Extreme Heat!

  • Published
  • By Capt James D. Went
  • 40TH Airlift Squadron
On a recent deployment to Southwest Asia, aircrews dealt with a stifling heat wave as they attempted to complete their tasks. In some areas, the temperature climbed above 130 degrees Fahrenheit. Humidity added to the suffocating heat, and launching sorties became particularly difficult. 

In a C-130 squadron, flight engineers and loadmasters working day-shift duty crew accomplished many pre-flights with the sun beating down on them. While aircrews readied themselves for potentially hazardous combat support missions in Operations Enduring Freedom and Iraqi Freedom, these duty crews spent the better part of a morning or afternoon inspecting and pre-flighting airplanes. Some eventually lost their individual battles with the summer heat and ended their day in a hospital bed. 

Dehydration and other heat-related ailments members working duty crew or simply pre-flighting their own aircraft before takeoff experienced tremendous difficulty, and many ended up with more than one bag of fluid fed into their bodies intravenously after a trip to the base hospital. This problem severely degraded many squadrons' ability to complete their missions and limited commanders' options for selecting aircrews for each mission. More importantly, it caused people to become ill and suffer extreme pain and discomfort. 

The problem is one without a simple solution. Aircrews, maintenance, and anyone exposed to the heat are instructed to drink plenty of water. Water is readily available in every tent and building. We know that our supervisors and commanders are proud of us when the mission is complete and everything gets done on time. Sometimes this leads to overexertion in the name of completing our tasks and completing that mission. Work-rest cycles are announced throughout the day, and air-conditioned tents are available for those trying to cool off after working diligently in the heat. But, when it comes right down to it, people need to take care of themselves. 

During deployment, everyone's priority is to complete the mission. We all take pride in it and work toward that goal each day. It is the best and most rewarding part about being deployed, and we make sacrifices in order to reach our goals. Work-rest cycles are a nuisance. We hear them announced all day long, they clutter our e-mail in-boxes, and they are usually redundant. But, if adhered to, they will provide a measure of defense against heat-related ailments and prevent a trip to the hospital. 

We all think we drink enough water, but do we really? Dehydration is difficult to predict. Sometimes we drink a lot of water during the downtime, when we spend half our days or nights in the chow hall, but then forget to continue drinking water during the workday. Other times, we become intensely focused on our work and refuse to stop to drink water until our task is complete. A few minutes of rest and shade in the middle of a pre-flight or maintenance detail can sometimes make all the difference. Drinking water and attempting to adhere to work-rest cycles are ways to help alleviate the problem, but I don't think they truly get at the source. When it comes to fighting the heat, our primary defense against dehydration and other ailments is our attitude.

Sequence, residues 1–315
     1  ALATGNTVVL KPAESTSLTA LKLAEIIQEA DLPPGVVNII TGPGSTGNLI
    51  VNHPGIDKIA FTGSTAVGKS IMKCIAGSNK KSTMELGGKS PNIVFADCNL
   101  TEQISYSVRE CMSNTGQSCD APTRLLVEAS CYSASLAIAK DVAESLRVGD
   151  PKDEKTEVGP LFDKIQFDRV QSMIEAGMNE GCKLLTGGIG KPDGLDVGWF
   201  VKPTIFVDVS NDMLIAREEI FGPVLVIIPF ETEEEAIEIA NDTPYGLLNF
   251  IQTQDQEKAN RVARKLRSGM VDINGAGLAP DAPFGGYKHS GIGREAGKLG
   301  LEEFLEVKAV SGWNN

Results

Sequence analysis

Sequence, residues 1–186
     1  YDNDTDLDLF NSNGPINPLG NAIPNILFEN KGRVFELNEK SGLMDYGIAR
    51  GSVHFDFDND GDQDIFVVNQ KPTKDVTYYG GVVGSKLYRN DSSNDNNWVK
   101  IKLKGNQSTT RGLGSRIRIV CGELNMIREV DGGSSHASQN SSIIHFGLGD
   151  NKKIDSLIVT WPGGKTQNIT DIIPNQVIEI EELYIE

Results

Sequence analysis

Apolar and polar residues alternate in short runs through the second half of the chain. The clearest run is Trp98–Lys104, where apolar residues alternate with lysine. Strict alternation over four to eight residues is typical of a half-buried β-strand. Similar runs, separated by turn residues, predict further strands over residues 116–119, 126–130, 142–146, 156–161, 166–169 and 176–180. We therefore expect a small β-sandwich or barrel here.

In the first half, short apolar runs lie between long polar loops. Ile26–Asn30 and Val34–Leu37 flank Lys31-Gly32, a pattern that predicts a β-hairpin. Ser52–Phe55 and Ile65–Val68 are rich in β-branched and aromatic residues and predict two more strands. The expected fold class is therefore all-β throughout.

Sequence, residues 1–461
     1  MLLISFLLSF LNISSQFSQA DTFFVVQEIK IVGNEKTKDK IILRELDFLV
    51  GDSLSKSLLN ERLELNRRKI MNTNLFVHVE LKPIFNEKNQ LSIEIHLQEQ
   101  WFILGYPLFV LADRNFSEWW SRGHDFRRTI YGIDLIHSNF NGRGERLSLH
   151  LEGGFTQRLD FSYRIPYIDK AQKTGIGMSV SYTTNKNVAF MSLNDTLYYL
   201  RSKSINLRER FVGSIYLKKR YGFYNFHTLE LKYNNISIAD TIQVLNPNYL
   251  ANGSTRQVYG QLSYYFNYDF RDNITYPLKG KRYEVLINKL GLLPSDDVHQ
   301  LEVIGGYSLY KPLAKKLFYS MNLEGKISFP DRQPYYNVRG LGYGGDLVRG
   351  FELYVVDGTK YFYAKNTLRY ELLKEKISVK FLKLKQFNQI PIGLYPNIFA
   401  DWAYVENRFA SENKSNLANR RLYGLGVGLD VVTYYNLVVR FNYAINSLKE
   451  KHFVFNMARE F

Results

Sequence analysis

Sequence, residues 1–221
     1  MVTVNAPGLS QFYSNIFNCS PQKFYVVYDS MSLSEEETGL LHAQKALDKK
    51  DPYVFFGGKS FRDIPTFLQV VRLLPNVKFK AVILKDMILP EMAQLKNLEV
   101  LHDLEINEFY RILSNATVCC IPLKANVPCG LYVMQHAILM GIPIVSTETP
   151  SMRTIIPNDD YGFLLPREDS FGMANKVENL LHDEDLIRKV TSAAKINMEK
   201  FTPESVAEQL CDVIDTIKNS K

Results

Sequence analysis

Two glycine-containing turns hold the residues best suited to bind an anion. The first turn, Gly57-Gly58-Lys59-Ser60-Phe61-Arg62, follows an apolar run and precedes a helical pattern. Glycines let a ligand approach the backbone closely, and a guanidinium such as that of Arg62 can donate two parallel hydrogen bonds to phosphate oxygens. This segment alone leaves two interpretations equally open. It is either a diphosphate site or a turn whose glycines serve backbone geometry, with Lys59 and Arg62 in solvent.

If we step back and look at the big picture, our mentality may be a little different. Of course we want to contribute to the mission, and of course our supervisors and commanders are happy when we complete our tasks on time. But they are happier
when no one gets hurt and all their people are healthy. It's much more difficult to get the job done when aircrew members are sick and support staff are injured. Accidents happen occasionally, and we all have to pitch in to make up for the temporary loss of a co-worker or fellow aircrew member. But heat-related illnesses are avoidable if we take the necessary precautions. Supervisors and commanders will accept a late takeoff or an airplane that requires extra time for maintenance if it means one less individual they have to visit in the hospital because of the heat. 

Those who have suffered in the summer heat know that protecting themselves is easier said than done. An average summer day in the United States is much different from most in Southwest Asia; we don't typically see the thermometer top out at 130 degrees Fahrenheit. When that does happen, we have to be willing to cut back even further on our amount of continuous work, take more breaks, and put more effort into staying cool and being hydrated. Extreme temperatures can cause heat-related sickness quickly, and before you even recognize the symptoms, it may be too late. We can take actions, however, to minimize this risk. 

It's also important to recognize the symptoms of any heat-related ailment. If you become dizzy or lightheaded or begin to experience muscle cramps or headaches, stop what you're doing and find a cool place to relax and hydrate yourself. Ask your flight surgeon, physician or other medical staff what to look for and how best to avoid succumbing to the heat. You can also learn more on Web sites, such as www.rehydrate.org or www.medicinenet.com

Extreme heat is one of the many hazards we face during deployments. Inevitably, there will be heat-related illnesses, but we can't allow this problem to reach its potential,
becoming dangerous and deadly and causing permanent damage. Simple dehydration and sunburn can lead to more serious illnesses, such as heat exhaustion and heatstroke. If we work together and keep people informed, we can limit the amount of damage that high temperatures can do.